Tue, 21 Jun 2016
Travelling with Heroes

In the fifteenth book of Homer's Illiad, the goddess Hera flies across to Mount Olympus and the poet compares her to a particular movement of the human mind. When a man has travelled far and wide, he tells us, his mind will sometimes leap and he will think, "I wish I was here, or I wish I was there", as he "longs for many things". Hera's sideways flight is as swift as these inconsistent thoughts as she moves from the peak of one mountain to another.

Robin Lane Fox's book Travelling Heroes has some poetic passages, including his opening paragraph above, but not enough to save it for me.

The book is a look at how myths travelled around the Mediterranean Sea with early Greek traders, pirates and mercenaries, primarily from the island of Euboea, off the Eastern coast of mainland Greece. The myths travelled with the people but the contact with the Near East, particularly the Phoenicians and Neo-Hittite people influenced and modified the tales. At some point in the 9th Century, some form of Greek/Phoenician meeting was the foundational cause of the Greeks regaining their lost literacy when the Phoenician alphabet crossed over. As you could say, the rest is history.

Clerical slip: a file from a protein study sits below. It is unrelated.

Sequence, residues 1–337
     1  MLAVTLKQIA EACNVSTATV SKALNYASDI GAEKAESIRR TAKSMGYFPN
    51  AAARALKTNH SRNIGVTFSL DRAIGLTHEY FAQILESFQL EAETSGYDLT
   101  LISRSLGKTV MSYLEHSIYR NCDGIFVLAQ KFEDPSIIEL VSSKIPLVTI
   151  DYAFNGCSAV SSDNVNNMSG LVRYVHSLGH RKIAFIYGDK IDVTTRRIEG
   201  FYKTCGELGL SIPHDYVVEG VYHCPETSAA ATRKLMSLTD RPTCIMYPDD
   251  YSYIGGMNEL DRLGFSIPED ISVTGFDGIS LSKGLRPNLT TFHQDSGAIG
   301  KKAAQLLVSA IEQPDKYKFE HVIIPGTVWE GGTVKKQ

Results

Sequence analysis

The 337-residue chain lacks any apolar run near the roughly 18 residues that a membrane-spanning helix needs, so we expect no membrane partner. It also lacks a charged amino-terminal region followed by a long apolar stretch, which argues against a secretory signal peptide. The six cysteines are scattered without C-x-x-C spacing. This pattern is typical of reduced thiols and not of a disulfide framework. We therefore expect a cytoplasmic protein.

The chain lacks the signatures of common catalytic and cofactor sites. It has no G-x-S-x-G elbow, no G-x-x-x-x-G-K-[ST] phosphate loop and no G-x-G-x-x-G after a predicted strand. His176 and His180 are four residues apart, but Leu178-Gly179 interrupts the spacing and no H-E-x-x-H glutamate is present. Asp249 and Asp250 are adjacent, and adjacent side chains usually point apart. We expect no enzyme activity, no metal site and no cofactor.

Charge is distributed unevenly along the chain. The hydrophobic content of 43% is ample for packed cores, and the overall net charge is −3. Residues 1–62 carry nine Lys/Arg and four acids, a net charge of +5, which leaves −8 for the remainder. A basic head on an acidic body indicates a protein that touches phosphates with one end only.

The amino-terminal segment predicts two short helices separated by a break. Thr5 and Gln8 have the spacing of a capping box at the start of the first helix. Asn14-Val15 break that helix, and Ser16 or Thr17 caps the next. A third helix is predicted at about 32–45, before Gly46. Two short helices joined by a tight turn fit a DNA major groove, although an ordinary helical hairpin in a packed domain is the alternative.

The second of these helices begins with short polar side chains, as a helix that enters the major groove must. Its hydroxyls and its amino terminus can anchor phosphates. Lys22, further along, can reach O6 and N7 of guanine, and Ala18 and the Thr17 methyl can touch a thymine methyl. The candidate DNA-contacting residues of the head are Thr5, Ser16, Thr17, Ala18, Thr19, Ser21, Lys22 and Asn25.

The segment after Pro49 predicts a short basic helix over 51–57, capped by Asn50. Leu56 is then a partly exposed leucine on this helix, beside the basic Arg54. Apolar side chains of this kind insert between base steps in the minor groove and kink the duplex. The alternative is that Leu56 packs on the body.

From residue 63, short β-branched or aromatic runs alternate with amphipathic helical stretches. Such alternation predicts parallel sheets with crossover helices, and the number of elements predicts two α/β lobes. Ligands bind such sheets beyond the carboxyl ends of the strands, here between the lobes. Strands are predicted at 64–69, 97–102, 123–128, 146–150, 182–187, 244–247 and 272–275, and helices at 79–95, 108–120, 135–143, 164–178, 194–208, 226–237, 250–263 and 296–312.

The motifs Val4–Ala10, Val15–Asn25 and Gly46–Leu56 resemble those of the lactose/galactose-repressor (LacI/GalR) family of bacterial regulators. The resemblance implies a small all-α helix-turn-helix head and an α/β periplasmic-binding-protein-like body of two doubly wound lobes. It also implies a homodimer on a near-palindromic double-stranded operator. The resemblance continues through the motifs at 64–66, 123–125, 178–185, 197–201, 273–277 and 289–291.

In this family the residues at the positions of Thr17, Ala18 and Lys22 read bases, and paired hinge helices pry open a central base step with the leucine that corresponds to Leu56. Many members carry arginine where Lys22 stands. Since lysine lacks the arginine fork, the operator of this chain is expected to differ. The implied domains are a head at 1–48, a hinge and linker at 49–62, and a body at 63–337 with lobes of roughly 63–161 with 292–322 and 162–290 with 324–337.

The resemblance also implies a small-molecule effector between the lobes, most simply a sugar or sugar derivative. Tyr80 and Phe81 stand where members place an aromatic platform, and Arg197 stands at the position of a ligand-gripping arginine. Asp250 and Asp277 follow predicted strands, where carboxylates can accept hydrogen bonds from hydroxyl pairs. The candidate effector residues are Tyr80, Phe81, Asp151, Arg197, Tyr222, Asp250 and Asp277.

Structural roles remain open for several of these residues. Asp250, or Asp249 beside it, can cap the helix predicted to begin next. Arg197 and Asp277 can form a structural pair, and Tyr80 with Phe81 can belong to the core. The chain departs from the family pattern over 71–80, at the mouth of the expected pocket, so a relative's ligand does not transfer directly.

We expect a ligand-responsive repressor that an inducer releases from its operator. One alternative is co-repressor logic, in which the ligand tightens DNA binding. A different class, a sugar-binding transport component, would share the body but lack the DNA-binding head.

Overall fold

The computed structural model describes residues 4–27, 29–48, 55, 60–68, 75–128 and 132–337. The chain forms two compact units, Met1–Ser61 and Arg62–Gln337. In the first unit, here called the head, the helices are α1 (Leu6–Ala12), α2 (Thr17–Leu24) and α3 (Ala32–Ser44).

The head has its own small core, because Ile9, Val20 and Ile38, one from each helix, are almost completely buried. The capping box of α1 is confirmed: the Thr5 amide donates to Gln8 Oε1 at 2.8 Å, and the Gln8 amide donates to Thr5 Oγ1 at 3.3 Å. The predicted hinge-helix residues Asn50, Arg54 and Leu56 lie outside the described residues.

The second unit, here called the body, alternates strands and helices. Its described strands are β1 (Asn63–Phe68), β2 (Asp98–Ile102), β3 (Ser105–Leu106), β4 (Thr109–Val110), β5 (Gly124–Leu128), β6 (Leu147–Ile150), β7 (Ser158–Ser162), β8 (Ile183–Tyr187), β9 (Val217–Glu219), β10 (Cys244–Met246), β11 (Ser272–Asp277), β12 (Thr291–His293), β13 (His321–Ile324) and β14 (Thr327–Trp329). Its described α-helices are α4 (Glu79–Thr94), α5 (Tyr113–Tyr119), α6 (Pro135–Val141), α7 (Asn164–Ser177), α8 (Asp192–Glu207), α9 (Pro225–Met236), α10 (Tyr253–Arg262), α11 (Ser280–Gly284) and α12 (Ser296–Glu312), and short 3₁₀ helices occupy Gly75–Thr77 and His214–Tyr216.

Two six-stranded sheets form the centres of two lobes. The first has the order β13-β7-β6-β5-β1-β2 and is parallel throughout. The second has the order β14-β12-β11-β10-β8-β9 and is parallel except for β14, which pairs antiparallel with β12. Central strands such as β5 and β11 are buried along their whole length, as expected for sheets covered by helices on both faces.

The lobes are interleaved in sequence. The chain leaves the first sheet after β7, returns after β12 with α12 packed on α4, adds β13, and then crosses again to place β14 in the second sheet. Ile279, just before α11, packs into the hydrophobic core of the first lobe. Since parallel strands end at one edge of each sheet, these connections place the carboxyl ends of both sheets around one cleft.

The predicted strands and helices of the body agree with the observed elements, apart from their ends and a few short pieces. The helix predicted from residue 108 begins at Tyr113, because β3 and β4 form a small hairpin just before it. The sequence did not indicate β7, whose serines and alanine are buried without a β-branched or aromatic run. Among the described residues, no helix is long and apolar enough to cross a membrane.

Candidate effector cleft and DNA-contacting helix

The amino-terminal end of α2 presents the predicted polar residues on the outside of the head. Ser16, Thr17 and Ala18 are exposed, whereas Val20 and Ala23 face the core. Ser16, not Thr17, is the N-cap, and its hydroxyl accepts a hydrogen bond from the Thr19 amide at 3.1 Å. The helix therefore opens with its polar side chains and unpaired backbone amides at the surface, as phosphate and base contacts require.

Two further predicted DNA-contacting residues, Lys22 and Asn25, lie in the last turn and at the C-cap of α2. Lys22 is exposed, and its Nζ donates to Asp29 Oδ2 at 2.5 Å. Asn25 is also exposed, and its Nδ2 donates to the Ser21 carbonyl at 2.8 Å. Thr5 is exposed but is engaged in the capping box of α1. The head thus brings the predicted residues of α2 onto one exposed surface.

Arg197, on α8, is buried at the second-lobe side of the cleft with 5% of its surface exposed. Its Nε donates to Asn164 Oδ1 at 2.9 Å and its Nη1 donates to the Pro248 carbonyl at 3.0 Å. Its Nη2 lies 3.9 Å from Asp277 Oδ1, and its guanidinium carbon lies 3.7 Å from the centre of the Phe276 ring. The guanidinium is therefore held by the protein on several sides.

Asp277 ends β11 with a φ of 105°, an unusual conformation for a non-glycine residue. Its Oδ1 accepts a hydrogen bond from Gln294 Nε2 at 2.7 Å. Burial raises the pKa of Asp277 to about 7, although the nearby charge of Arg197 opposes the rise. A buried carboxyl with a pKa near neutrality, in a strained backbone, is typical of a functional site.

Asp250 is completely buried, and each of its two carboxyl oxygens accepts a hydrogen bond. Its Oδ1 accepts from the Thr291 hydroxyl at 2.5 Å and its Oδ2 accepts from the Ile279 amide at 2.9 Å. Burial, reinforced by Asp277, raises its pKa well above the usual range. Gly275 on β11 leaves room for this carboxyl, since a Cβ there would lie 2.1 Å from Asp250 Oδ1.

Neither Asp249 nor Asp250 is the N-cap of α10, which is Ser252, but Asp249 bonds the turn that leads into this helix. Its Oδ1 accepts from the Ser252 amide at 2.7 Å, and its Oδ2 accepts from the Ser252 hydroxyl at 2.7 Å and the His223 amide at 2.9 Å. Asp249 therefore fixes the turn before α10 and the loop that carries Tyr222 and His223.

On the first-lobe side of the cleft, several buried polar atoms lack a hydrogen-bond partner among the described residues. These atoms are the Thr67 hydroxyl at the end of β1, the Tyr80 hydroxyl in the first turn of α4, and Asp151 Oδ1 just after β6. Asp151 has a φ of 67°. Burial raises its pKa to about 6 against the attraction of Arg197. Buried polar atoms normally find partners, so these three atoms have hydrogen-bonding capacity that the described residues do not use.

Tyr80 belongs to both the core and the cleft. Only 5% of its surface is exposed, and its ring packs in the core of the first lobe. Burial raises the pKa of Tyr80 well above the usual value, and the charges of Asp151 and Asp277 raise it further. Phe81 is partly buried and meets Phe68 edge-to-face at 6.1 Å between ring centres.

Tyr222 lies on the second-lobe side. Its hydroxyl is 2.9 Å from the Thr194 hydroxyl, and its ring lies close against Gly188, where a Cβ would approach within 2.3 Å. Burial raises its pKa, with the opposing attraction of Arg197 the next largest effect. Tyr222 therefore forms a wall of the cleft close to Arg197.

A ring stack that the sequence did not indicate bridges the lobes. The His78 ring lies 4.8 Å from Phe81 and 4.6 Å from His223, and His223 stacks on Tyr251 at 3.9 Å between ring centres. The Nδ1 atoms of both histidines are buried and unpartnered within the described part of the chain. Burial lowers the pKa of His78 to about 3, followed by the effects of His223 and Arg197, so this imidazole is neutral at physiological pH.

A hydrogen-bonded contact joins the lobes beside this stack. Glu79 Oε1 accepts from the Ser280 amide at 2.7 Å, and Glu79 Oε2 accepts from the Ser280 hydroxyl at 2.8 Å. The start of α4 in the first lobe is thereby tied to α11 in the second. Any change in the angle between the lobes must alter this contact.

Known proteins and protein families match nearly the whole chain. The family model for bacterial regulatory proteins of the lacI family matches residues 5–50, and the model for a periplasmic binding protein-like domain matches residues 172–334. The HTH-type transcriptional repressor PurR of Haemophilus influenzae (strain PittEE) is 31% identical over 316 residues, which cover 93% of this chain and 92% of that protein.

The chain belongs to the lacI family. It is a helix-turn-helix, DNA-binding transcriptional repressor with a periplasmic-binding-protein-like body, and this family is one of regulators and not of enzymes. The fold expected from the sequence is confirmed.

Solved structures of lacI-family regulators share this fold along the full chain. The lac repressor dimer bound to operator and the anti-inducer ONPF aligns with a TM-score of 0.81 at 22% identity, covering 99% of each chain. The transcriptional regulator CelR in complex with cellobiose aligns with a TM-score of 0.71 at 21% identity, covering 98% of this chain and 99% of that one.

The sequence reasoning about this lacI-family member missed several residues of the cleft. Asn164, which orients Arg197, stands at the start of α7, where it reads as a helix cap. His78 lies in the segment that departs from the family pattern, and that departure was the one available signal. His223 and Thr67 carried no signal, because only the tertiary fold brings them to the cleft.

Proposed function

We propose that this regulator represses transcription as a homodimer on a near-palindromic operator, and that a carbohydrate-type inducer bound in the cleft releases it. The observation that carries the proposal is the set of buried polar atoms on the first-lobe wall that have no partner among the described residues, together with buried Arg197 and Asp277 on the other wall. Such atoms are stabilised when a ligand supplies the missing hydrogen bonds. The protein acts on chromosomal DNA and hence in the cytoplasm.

Although Homer is an anchor point in the text, much of the discussion is over what is missing in Homer's knowledge of people and places. The poet Hesiod, who is posited to have won a Euboean poetry competition in the 800's with his Theogony, is also much debated.

This book should have been something to treasure reading and exactly the sort of book I often love, but in the end there was too much plodding detail, particularly over the pottery, but even landscape and archaeology. Too much detail and not enough poetry.

I didn't know the BBC did a television program based on the book in 2013 but was pleasantly surprised. I decided to read the book first, then watched the program. Fox reminds me a little of Kenneth Clark in Civilisation as he potters around the Med, but the television was quite good, and a lot more succinct, as well as beautiful to look at in many parts. In this instance, I would recommend watching television over reading.